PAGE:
On November 26, 2014, the Delaware Chancery Court in Cigna Health and Life Insurance Company v. Audax Health Solutions, et al declined to enforce certain obligations that a buyer was attempting to impose on a target company’s stockholders as a condition to receipt of merger consideration. The transaction involved the acquisition by Optum Services, Inc. of Audax Health Services via the statutory merger provisions of Section 251 of the Delaware General Corporate Law (DGCL).
In the transaction, certain stockholders of Audax Health Services voted in favor of the merger and, prior to closing, signed support agreements containing a general release of claims (Release) and containing an agreement by such stockholders to certain indemnification obligations relating to breaches of representations, warranties and covenants (Indemnification Obligations).
For those stockholders of Audax Health Services who did not execute a support agreement prior to the closing, Optum attempted to condition their entitlement to receive merger consideration on their execution and delivery after the closing of a letter of transmittal that contained the Release and Indemnification Obligations provisions. Cigna, one of the former stockholders of Audax Health Services, challenged the enforceability of the Release and Indemnification Obligation.
The court analyzed the Release and Indemnification Obligations separately. In the case of the Release, the court refused to enforce the provision due to lack of consideration. Once the merger was consummated, Cigna was entitled to receive its share of the merger consideration, and at that point in time Optum did not have the right to impose new obligations on any stockholder of Audax Health Services without payment of additional consideration.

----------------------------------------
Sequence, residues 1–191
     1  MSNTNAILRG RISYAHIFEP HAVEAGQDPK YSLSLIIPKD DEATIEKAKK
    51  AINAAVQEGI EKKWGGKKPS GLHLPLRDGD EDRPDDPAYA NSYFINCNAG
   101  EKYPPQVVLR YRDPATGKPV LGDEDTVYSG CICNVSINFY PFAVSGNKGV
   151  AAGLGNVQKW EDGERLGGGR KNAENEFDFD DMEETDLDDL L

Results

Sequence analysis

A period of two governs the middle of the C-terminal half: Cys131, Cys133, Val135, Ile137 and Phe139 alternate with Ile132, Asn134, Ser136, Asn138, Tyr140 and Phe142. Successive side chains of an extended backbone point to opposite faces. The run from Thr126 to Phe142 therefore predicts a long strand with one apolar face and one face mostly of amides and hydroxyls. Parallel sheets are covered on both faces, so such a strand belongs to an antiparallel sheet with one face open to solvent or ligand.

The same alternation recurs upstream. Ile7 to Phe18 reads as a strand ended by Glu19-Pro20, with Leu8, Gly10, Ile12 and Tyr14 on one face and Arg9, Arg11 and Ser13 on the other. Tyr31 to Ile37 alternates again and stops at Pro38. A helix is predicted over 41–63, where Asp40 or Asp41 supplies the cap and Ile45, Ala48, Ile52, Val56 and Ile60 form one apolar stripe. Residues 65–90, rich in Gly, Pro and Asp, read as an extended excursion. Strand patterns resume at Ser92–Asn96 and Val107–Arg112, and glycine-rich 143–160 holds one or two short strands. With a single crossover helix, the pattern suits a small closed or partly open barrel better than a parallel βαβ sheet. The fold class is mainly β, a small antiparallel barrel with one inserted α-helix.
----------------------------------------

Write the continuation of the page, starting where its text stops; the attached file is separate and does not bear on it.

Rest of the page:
In the case of the Indemnification Obligations, the court analogized the indemnification provisions to a post-closing purchase price adjustment, or clawback, and considered whether a merger under Section 251 of the DGCL could, by its terms, require stockholders of the target corporation to give back or surrender merger consideration that they have already received.
Without ruling definitively on that question, the court concluded that in this particular case, the Indemnification Obligation could not be enforced because as written it allowed Optum to clawback all of the merger consideration, without limitation as to time or amount, and in so doing such requirement violated Section 251(b)(5) of the DGCL, which mandates that a merger agreement set forth a determinable amount of merger consideration.
It should be noted that the court did not rule that clawback provisions in merger agreements are per se unenforceable, however, until the law is more settled in this area, a buyer considering an acquisition and who wishes to impose obligations on the target corporation’s stockholders must consider alternative solutions when structuring its transaction. There are a number of these that can achieve similar results as a practical matter that we would be happy to discuss.
To read the court’s entire decision, please click here.